The effect of Section 5(1)(c) is that a right of pre-emption does not accrue, on a transfer to any person mentioned in Section 6, to any person who has an equal or inferior right of pre-emption. In other words, where a transfer is to any of the persons mentioned under Section 6, the right of pre-emption to the claimant accrues only if the claimant has a superior right. The right of pre-emption, as Section 4 indicates, is subject to the provisions of Section 5. Consequently, where any of the provisions of Section 5 come into operation, the right of pre-emption would not be available.
14. In a four judge Bench decision of this Court in Bishan Singh v Khazan Singh3, Justice Subba Rao (as the learned Chief Justice then was), while dealing with the provisions of the Punjab Pre-Emption Act 1913, summarised the law on pre-emption as follows:
“11. The plaintiff is bound to show not only that his right is as good as that of the vendee but that it is superior to that of the vendee. Decided cases have recognized that this superior right must subsist at the time the pre-emptor exercises his right and that that right is lost if by that time another person with equal or superior right has been substituted in place of the original vendee. Courts have not looked upon this right with great favour, presumably, for the reason that it operates as a clog on the right of the owner to alienate his property. The vendor and the vendee are, therefore, permitted to avoid accrual of the right of preemption by all lawful means. The vendee may defeat the right by selling the property to a rival pre-emptor with preferential or equal right.
(1) The right of pre-emption is not a right to the thing sold but a right to the offer of a thing about to be sold. This right is called the primary or inherent right.
(2) The pre-emptor has a secondary right or a remedial right to follow the thing sold.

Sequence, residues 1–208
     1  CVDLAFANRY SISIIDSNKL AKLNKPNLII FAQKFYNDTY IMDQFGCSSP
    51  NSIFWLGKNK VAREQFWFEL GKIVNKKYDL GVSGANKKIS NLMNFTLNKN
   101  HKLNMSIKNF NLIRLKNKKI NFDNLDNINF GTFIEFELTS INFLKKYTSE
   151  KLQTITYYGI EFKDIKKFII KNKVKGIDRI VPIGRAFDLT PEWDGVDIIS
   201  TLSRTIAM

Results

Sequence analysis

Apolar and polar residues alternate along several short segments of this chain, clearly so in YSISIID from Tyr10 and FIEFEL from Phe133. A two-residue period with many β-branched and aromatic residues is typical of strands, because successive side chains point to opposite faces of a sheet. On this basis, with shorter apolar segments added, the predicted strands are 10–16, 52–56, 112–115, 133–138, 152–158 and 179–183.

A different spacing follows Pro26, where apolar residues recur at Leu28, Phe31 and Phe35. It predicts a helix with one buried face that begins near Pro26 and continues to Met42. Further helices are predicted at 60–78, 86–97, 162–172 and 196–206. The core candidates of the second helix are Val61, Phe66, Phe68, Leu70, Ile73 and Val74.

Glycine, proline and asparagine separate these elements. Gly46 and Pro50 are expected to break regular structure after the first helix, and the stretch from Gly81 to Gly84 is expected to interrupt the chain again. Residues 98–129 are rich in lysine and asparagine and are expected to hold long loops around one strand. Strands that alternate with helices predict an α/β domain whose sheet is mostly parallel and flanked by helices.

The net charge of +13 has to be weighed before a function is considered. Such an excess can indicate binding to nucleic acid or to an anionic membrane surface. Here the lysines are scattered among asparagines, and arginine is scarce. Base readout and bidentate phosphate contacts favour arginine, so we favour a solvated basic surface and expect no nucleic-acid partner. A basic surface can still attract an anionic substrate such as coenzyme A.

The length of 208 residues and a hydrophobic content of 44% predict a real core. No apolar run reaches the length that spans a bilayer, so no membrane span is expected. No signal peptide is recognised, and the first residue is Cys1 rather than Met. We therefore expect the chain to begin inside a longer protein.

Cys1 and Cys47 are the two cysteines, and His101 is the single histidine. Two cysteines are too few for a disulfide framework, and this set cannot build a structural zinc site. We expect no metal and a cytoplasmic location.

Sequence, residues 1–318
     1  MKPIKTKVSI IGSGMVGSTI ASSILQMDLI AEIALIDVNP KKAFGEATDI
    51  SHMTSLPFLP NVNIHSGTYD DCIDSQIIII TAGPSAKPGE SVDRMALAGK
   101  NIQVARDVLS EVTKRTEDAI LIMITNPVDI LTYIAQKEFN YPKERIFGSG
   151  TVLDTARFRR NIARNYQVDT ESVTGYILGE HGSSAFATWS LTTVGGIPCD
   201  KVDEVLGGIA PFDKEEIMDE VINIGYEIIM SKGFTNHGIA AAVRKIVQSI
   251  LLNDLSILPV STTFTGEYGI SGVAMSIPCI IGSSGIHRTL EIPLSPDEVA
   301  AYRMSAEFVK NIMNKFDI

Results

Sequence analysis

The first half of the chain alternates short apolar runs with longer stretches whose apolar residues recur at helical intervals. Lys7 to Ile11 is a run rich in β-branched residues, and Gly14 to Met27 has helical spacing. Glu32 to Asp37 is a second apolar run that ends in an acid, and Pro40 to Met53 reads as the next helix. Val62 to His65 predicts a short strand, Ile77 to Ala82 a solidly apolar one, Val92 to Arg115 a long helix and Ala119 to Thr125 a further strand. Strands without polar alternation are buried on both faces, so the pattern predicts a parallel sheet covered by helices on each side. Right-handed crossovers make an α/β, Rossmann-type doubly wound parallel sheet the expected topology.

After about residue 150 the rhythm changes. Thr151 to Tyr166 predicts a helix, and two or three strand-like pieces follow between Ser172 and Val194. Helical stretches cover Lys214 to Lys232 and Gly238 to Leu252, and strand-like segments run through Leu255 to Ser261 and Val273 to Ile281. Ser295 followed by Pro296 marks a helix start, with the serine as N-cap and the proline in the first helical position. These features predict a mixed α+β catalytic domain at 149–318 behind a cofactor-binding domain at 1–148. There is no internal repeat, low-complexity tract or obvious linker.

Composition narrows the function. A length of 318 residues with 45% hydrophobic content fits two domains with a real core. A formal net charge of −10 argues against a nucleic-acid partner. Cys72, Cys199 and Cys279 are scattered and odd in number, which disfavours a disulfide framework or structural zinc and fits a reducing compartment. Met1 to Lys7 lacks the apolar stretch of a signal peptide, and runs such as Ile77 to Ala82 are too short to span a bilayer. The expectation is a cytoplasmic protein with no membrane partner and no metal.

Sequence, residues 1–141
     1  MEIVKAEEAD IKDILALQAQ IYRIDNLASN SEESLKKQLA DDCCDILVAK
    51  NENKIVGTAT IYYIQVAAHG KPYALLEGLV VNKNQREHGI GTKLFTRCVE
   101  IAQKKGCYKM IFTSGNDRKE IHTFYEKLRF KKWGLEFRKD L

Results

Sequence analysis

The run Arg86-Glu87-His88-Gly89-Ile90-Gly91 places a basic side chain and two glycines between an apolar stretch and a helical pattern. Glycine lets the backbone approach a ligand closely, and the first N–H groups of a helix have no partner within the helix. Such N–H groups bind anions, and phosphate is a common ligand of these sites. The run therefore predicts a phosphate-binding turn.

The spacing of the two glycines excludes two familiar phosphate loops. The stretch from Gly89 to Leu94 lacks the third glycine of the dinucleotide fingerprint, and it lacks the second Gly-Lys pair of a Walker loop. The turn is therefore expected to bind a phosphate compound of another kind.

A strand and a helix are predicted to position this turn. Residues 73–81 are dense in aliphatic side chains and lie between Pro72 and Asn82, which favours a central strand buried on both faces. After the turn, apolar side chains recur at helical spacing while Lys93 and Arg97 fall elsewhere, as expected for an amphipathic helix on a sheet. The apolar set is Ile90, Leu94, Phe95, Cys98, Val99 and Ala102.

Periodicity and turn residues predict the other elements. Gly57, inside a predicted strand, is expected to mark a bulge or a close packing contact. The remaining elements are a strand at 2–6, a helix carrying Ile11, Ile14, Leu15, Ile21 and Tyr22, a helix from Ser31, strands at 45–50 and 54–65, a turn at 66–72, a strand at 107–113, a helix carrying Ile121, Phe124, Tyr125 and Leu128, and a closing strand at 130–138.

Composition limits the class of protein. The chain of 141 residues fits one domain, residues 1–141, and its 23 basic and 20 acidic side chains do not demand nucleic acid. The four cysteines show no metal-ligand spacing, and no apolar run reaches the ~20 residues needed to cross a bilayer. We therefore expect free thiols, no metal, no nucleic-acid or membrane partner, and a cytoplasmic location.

(3) It is a right of substitution but not of re-purchase i.e., the pre-emptor takes the entire bargain and steps into the shoes of the original vendee.
(4) It is a right to acquire the whole of the property sold and not a share of the property sold.
(5) Preference being the essence of the right, the plaintiff must have a superior right to that of the vendee or the person substituted in his place.
(6) The right being a very weak right, it can be defeated by all legitimate methods, such as the vendee allowing the claimant of a superior or equal right being substituted in his place.”
In a Constitution Bench decision of this Court in Radhakisan Laxminarayan Toshniwal v Shridhar Ramchandra Alshi4, this Court dealt with the question whether a suit for pre-emption could be filed prior to execution of the sale deed. Justice J L Kapur, speaking for this Court held thus:
“13… The right to pre-empt the sale is not exercisable till a pre-emptible transfer has been effected and the right of pre- emption is not one which is looked upon with great favour by the courts presumably for the reason that it is in derogation of the right of the owner to alienate his property. It is neither illegal nor fraudulent for parties to a transfer to avoid and defeat a claim for pre-emption by all legitimate means…”
15. The right of pre-emption is a preferential right to acquire the property by substituting the original vendee. The transfer or sale of an immovable property is a condition precedent to the enforceability of the right. The right of pre-emption is attached to the property and only on that footing can it be enforced against the vendee. Though the right is recognised by law, yet it can be rendered imperfect by the vendor when he transfers the property to another person who also has a superior right to the plaintiff pre-emptor.